Virtualization Deemed 'Disruptive' to HPC
More on supercomputing
Is it really a surprise to anyone that virtualization has a role to play in supercomputing?Is virtualization really all that new to HPC?
It might have been to those behind SC10, the semi-annual supercomputing show being held this week in New Orleans, La. Each year, the conference cites technologies it believes have the potential to disrupt the HPC landscape, defining a "disruptive technology" as one whose drastic innovations in current practices are such that they have the potential to completely transform the HPC field as it currently stands.
This year, the Disruptive Technologies focuses on new computing architectures and interfaces that will significantly impact the HPC field in the next five to 15 years but have not yet emerged in current systems. Technologies include storage, programming, cooling, productivity software and virtualization.
Brocade was recognized for its virtual cluster switching, which as set out to revolutionize Layer 2 Ethernet, as was VMware for the virtualization options it brings to HPC. System Research Team (SRT) at Oak Ridge National Laboratory, Ohio State University, UnivaUD, and Deopli were cited examples of where this technology has been applied.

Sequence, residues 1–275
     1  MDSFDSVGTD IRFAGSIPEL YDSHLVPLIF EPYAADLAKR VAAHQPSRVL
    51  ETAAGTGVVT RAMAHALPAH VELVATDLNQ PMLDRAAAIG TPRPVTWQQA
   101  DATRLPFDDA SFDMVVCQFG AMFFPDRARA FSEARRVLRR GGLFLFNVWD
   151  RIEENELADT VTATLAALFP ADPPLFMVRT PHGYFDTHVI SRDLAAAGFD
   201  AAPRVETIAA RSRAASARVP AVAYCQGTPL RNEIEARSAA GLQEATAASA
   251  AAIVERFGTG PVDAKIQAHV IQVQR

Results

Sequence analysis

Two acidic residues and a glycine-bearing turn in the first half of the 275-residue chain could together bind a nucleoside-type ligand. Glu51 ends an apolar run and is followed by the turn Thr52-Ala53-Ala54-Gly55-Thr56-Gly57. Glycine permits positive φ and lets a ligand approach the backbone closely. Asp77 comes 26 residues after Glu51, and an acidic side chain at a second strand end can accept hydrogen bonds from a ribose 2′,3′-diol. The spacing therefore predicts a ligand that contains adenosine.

Is virtualization disruptive? For run-of-the-mill data center computing, it certainly has been, so it stands to reason that it will have an even greater impact on HPC systems, where standardization and commodity rarely come into play.
Interestingly, virtualization doesn't necessarily mean the same thing in the HPC world as it does elsewhere. As Sandia Labs and ScaleMP have recently demonstrated, virtualization in an HPC environment aggregates as frequently as it provisions. Such aggregation brings to mind grid computing, on-demand computing or utility computing -- terms whose definitions are very similar, though admittedly not quite the same as virtualization. The concept isn't new.
In fact, the concept predates late 20th Century computing buzz and hearkens back to the earliest days of the mainframe, when computing resources were shared and paid for based on how many units were consumed. Which, when one thinks about it, isn't all that different from another cutting edge concept -- cloud computing.
Obviously, the technology itself has gotten spiffier and faster. But much like in the fashion world, everything old is new again. Just as a raised hemline inspires you to purge your closet and hit Nordstroms because your shorter skirts from five years ago aren't cut the same as the ones on the runway, virtualizing your HPC infrastructure will result in more robust hardware and new software. The concepts behind the change, however, are precedented.
Amy Newman is the senior managing editor of Internet.com's server vertical. She has been covering virtualization since 2001, and is the coauthor of Practical Virtualization Solutions, published by Pearson in 2009.